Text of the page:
Startup PR Dos and Don’ts: A Comprehensive Guide

By , in Tips for startups on . Tagged width: ,

Clara Armand-Delille, a seasoned French-American PR professional and the founder & MD of ThirdEyeMedia, shares do’s and don’ts of PR for startups.

Clara Armand-Delille has 15+ years of experience in communications strategy in the digital and tech space across multiple markets. She has lived and worked in 5 countries, including France, the UK, the US, Portugal and Italy and is fluent in 6 languages.

Clara Armand-Delille by Pedro Sadio
Clara Armand-Delille by Pedro Sadio

More than an expert professional in communications, Clara is also a devoted yoga practitioner and holds a 500-hour Vinyasa Yoga certification.

Public Relations (PR) longevity can be a double-edged sword for businesses.

PR fundamentally revolves around the establishment of brand identity, the cultivation of awareness, and the acquisition of credibility.

Here are the recommended actions to do

Only reach out to a reporter if you possess pertinent news.

If it’s your initial contact, ensure that you provide information that aligns with the reporter’s beat, is presented clearly and succinctly, and offers something of newsworthy value. By sharing valuable and timely communication with a journalist, you’re more likely to leave a lasting impression and initiate a positive professional relationship.

Allow the reporter sufficient time to review and report on the news you’ve shared

Journalists typically receive anywhere from 100 to 500 emails daily. Sending a press release doesn’t assure media coverage. However, providing news under embargo to selected reporters can increase the likelihood of obtaining coverage by allowing them to evaluate the news before its public release.

When presenting a particular story to a reporter, provide a broader perspective or overarching angle

This can be a substantial time-saving advantage for a reporter and might become your most compelling selling point. For instance, when announcing the launch of a freelance platform, include industry statistics regarding the current number of freelancers in your market and the projected growth in independent workers over the next five years. Strengthen your pitch by illustrating the bigger picture with concrete market data.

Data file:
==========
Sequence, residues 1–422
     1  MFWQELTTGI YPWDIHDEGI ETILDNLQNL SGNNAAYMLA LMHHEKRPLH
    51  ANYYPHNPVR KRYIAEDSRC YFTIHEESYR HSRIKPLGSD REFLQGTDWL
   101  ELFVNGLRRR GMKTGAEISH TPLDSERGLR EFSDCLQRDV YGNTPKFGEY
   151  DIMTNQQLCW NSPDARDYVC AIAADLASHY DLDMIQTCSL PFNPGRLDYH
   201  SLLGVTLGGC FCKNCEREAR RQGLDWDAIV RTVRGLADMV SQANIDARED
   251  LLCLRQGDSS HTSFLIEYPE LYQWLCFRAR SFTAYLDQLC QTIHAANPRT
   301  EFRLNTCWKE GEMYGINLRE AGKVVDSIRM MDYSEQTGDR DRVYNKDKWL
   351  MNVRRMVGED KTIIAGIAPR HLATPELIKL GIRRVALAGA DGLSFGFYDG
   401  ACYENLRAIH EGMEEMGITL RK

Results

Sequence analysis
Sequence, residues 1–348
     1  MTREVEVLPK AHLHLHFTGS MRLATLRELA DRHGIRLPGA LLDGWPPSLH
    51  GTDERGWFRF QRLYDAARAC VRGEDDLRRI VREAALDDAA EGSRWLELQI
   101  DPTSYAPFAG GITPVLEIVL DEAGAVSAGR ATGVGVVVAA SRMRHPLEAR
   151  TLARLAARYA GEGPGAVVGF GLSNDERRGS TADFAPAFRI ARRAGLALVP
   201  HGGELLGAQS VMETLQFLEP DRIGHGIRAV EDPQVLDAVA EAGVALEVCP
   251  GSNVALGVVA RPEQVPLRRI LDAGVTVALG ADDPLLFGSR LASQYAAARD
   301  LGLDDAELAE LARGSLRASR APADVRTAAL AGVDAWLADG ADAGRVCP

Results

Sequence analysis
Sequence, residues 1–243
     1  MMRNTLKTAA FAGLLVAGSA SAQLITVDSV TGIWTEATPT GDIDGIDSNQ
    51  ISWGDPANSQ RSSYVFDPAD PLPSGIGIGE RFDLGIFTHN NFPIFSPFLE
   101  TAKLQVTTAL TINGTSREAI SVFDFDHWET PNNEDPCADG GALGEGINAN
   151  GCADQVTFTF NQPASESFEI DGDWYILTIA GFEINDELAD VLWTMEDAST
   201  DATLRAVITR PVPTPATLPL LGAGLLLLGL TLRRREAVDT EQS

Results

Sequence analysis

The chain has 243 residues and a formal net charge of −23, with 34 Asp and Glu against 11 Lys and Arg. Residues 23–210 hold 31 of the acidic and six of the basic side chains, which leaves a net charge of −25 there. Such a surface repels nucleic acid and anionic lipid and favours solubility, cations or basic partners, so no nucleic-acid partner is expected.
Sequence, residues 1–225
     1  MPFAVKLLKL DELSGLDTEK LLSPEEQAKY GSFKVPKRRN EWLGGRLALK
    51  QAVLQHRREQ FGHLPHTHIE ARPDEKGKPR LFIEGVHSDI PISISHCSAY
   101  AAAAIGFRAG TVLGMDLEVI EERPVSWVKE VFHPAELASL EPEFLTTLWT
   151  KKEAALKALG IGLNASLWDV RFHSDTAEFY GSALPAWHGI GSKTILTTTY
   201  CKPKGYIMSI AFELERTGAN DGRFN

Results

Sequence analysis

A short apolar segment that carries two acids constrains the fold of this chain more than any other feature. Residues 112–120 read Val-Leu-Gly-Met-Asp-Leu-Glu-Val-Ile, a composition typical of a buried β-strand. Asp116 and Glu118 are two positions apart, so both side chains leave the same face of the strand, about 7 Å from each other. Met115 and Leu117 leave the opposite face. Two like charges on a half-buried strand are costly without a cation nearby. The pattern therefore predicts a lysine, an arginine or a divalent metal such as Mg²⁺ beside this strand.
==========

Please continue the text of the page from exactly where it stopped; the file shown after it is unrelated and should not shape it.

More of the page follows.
Prioritize quality over quantity

Establishing a “media footprint” is crucial during the initial phases to enhance your online visibility, supported by reputable sources. A single well-crafted article about your product or founders, effectively communicating your vision and mission, can have a lasting and positive impact on your clients, prospects, and more.

Present an exclusive opportunity to a journalist that holds significance for your business

Depending on the nature of your forthcoming announcement, offering exclusivity can be an effective strategy for securing your desired high-quality coverage. Select a reputable reporter and ensure their commitment to publishing the exclusive news you share with them. The exclusive approach empowers you to exercise better control over the messaging by briefing a single journalist with the news.

Clara Armand-Delille moderating a panel at Web Summit
Clara Armand-Delille moderating a panel at Web Summit

Now, here are some “don’ts” to keep in mind when it comes to PR:

Avoid reaching out to a reporter without specific news.

The era of mass media blasting, where you send a press release to a long list of reporters, is no longer effective. Instead, create a shorter, personalized press list with relevant contacts for each announcement. You’ll achieve better results with a targeted approach.

Refrain from bothering a reporter without a valid reason.

Reporters are typically occupied during business hours, and there isn’t necessarily a perfect time to contact them. Minimize phone calls unless necessary, and don’t propose face-to-face meetings unless there’s a compelling reason, such as embargoed information to share, a specific briefing, or an exclusive product demo.

Avoid using sensational email subject lines like “URGENT.”

It’s up to the reporter and their editor to determine the urgency of news. Instead, use clear, concise, and specific subject lines that convey the essence of your message. For example, a subject line like “Facebook acquires Company X” is more engaging than a generic “Press release.”

Timing matters.

Don’t contact a reporter too early or too late with your news. If your startup is in its infancy and lacks a proof of concept and users, it’s premature to approach reporters. Wait until you have a compelling founding story to pitch to the media. Conversely, avoid reaching out too late, such as two weeks after news has already been released.

Steer clear of sharing approximate or fabricated news with the media.

While it may be tempting to paint a rosy picture of your company’s future or pre-announce forthcoming features, sticking to facts is advisable. Avoid making hyperbolic statements or providing unrealistic estimates. Once information is in the public domain, it’s challenging to retract or correct it.

These guidelines will help you navigate the PR landscape effectively and establish a positive rapport with journalists.